By assuming that plates are rigid and that the Earth is spherical, Leonhard Euler’s theorem of motion on a sphere can be used to reduce the stability assessment to determining boundaries and relative motions of the interacting plates. The rigid assumption holds very well in the case of oceanic crust, and the radius of the Earth at the equator and poles only varies by a factor of roughly one part in 300 so the Earth approximates very well to a sphere.

McKenzie and Morgan[5] first analysed the stability of triple junctions using these assumptions with the additional assumption that the Euler poles describing the motions of the plates were such that they approximated to straight line motion on a flat surface. This simplification applies when the Euler poles are distant from the triple junction concerned. The definitions they used for R, T and F are as follows:

Stability criteria

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For a triple junction between the plates A, B and C to exist, the following condition must be satisfied:

AvB + BvC + CvA = 0

where AvB is the relative motion of B with respect to A.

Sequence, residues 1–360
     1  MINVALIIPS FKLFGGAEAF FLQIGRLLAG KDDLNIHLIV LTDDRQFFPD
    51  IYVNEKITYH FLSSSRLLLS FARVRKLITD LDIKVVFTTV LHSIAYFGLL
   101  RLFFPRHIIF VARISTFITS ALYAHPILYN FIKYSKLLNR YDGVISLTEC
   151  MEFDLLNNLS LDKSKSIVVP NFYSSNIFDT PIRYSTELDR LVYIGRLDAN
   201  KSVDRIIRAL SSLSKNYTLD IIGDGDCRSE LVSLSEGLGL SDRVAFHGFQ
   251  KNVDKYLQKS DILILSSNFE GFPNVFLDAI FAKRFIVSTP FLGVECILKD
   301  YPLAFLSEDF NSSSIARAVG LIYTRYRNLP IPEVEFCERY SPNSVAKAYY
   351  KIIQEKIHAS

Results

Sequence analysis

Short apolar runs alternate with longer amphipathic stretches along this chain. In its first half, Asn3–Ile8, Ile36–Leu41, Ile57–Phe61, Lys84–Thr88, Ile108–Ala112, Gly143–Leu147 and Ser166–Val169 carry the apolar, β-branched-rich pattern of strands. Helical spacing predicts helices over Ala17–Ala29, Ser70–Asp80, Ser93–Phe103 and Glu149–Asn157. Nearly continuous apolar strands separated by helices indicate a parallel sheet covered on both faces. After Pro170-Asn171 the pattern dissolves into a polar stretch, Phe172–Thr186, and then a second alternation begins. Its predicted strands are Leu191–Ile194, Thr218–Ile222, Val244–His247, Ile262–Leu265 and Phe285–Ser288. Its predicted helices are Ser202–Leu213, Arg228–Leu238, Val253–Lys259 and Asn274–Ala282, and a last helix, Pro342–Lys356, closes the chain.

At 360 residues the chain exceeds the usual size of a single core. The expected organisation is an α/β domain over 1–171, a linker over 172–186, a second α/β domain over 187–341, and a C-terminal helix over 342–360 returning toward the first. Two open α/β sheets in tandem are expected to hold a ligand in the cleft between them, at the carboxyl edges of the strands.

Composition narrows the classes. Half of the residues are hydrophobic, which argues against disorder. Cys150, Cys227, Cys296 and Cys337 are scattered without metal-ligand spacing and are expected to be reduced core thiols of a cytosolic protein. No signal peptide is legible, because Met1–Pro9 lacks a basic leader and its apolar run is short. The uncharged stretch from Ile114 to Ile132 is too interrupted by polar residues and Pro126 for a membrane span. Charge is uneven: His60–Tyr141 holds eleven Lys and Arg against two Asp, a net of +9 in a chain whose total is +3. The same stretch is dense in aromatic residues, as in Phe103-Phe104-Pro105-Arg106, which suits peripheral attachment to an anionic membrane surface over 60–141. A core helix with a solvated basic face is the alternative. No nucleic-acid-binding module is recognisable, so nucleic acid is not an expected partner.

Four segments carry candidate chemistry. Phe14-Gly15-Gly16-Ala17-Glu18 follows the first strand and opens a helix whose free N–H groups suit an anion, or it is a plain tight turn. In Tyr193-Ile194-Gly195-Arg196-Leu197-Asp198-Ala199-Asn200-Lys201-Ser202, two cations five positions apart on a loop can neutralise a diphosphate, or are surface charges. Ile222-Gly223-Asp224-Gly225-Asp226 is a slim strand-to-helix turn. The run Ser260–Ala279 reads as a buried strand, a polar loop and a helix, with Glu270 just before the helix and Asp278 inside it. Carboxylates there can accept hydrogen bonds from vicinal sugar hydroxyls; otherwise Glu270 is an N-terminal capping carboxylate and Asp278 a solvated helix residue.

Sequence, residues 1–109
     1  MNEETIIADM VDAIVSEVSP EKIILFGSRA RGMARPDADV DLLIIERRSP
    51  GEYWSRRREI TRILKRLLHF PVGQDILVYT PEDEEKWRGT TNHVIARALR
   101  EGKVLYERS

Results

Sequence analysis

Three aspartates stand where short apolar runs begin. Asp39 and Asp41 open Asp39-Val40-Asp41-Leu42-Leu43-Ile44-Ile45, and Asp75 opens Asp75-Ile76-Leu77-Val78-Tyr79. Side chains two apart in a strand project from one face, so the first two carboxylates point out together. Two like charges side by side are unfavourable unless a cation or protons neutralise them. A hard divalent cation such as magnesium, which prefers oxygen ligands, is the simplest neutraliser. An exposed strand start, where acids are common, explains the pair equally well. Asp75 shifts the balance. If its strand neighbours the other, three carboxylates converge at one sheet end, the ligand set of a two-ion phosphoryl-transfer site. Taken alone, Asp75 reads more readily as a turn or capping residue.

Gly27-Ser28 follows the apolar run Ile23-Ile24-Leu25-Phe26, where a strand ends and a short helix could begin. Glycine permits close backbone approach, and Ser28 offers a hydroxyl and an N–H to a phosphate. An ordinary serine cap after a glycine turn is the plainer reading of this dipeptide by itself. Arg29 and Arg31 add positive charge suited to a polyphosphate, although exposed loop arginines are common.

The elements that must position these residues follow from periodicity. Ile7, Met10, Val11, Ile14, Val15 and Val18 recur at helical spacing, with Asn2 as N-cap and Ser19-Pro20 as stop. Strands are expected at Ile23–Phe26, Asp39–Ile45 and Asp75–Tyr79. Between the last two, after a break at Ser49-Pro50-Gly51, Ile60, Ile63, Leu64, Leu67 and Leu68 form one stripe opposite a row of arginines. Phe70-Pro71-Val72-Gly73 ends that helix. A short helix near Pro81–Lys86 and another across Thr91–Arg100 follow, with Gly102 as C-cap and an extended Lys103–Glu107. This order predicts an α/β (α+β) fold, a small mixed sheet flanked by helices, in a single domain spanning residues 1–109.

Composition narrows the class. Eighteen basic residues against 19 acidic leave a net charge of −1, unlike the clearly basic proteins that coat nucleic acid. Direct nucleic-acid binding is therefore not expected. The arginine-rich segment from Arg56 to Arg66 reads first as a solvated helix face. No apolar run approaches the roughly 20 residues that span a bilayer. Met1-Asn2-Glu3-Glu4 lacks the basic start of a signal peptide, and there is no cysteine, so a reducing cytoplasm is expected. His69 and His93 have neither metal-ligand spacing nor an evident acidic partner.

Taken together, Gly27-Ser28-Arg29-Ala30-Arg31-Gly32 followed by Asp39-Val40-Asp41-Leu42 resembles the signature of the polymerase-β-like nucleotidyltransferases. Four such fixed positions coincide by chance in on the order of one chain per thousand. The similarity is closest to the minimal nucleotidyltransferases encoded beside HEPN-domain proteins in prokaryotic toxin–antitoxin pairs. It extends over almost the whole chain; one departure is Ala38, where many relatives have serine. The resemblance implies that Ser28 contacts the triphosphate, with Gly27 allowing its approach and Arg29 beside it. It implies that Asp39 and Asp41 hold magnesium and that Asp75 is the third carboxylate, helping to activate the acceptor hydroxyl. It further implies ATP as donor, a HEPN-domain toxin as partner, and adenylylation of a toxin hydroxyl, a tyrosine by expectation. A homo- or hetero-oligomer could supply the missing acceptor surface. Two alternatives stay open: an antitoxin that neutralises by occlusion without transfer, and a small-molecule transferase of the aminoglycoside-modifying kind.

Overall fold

This condition can be represented in velocity space by constructing a velocity triangle ABC where the lengths AB, BC and CA are proportional to the velocities AvB, BvC and CvA respectively.

Further conditions must also be met for the triple junction to exist stably – the plates must move in a way that leaves their individual geometries unchanged. Alternatively the triple junction must move in such a way that it remains on all three of the plate boundaries involved.

McKenzie and Morgan[6] demonstrated that these criteria can be represented on the same velocity space diagrams in the following way. The lines ab, bc and ca join points in velocity space which will leave the geometry of AB, BC and CA unchanged. These lines are the same as those that join points in velocity space at which an observer could move at the given velocity and still remain on the plate boundary. When these are drawn onto the diagram containing the velocity triangle these lines must be able to meet at a single point, for the triple junction to exist stably.